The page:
Anthropology Dept. Forms Eight Committees in Response to Harassment and Gender Bias Concerns
Harvard Cancels Summer 2021 Study Abroad Programming
UC Showcases Project Shedding Light on How Harvard Uses Student Data
Four Bank Robberies Strike Cambridge in Three Weeks
After a Rocky Year, Harvard Faces an Uncertain Economic Climate in 2021, Hollister Says
Ever since she received her acceptance letter, Samantha G. Marks ’25 dreamed of her time on campus. As senior year of high school waned, she motivated herself by imagining the intellectual wonderland she would soon access: top-tier research labs, extraordinary peers, and tight-knit communities around her favorite activities.
Her initial stance on taking a gap year? “Absolutely no way,” Marks said.
During the following months, however, COVID-19 surged across the United States and the world. On March 10, 2020, Harvard ordered all residential students to vacate campus and continue the semester virtually.
Still, Marks held out hope that Harvard would be able to provide the traditional campus experience in the fall. She waited to make her decision until the “heartbreaking” announcement on July 6 that all courses would be taught remotely. Marks would be unable to conduct lab research as she had hoped, or participate in clubs as she had imagined.
“I knew it wouldn’t be the same,” Marks said.
Like 340 first-year students — representing over 20 percent of those admitted — Marks ultimately deferred enrollment until fall 2021. Over a thousand other students also elected to take leaves of absence.
The Crimson spoke to nine students who chose not to enroll for the fall semester, representing members of each of Harvard’s four classes. Challenged to create a meaningful gap year experience despite the pandemic, they pursued professional opportunities, explored the world around them, and focused on personal growth.
When Jessica L. Eng ’21-’22 learned that classes would be virtual, the choice to take time off was clear. Although she had enjoyed her online classes, she craved the freedom provided by unstructured time. She had interned for the Washington Post during the summer, and the option to continue into the fall proved too enticing to ignore.
Eng eventually decided to intern with National Public Radio instead — an opportunity she would otherwise have been unable to pursue.
“I wanted to work on the election,” Eng said. “Being able to be directly embedded in a team working on election graphics and all that cool stuff — that only comes around [every] four years.”
Eng decided to move from her hometown of San Francisco to Washington, D.C. for the fall semester. However, she still felt a connection to home, particularly when writing about the same wildfires that filled her summer skies with smoke.
“I was looking through data and helping write a story about the California wildfires, which actually impacted my family, even though I was writing it in Washington, D.C.,” Eng said. “Actually reporting on things that were super personal to me felt a little bit weird, but also rewarding, because I was able to report these stories and share them with my family.”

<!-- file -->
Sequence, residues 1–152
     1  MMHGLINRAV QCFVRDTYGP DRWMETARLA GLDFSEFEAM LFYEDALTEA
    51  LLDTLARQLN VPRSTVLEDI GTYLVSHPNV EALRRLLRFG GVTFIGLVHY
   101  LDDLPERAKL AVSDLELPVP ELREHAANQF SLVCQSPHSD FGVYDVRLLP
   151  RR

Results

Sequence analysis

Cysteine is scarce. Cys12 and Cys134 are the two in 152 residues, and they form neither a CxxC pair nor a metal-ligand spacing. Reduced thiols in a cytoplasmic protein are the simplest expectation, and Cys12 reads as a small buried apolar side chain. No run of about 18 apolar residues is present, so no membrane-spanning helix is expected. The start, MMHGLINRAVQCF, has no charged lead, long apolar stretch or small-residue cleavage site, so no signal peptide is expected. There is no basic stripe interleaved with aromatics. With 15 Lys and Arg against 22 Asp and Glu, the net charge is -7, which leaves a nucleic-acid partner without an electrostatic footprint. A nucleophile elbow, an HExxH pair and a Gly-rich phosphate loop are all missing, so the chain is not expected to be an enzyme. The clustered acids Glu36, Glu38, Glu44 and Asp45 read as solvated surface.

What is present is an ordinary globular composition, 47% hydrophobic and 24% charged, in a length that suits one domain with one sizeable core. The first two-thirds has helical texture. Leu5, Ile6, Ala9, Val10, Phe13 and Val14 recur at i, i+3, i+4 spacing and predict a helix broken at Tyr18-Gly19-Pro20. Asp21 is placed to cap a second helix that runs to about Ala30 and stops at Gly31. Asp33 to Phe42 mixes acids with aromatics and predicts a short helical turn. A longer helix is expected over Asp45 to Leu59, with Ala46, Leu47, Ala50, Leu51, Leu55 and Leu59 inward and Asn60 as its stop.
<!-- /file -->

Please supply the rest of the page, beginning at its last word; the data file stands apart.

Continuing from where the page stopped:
Others students, such as Shira Z. Hoffer ’25, pursued opportunities in social activism. She interned part-time for Massachusetts State Senator Jamie B. Eldridge, going on to work with the Anti-Defamation League and the American Civil Liberties Union of New Hampshire.
“I think working with the ACLU has definitely been the most impactful,” Hoffer said. “Instead of having, you know, administrative work that I may have expected as an intern, I've actually been reaching out to recently freed people from county jails and talking with them about their experiences.”
In some cases, students helped their communities by working on the front lines.
Jessica P. Miller ’21-’22 relished the opportunity to work full-time as an emergency medical technician rather than attend virtual classes.
An aspiring doctor, Miller gained insight into the dilemma healthcare professionals face when trying to balance community needs with their families' health during the pandemic. She expressed concern about exposing her grandmother to COVID-19, even while following all health precautions.
“It just comes with the job if anything major like a pandemic pops up,” Miller said. “I think that's something that healthcare workers have struggled with lately, because it's like, oh, I didn't sign up for this whenever I decided to become a nurse or something like that. But like, yeah, you kind of did.”
Nevertheless, Miller and Hoffer both said they remained happy about their decision to spend time off in service to others.
“I've met really cool people,” Hoffer said, “And I've had these really neat opportunities that have been meaningful both in and of themselves, and also, hopefully will lead me to future opportunities in the same kind of fields and possibly beyond.”
Sarah L. Packman ’25 spent her fall semester circumnavigating the Atlantic Ocean.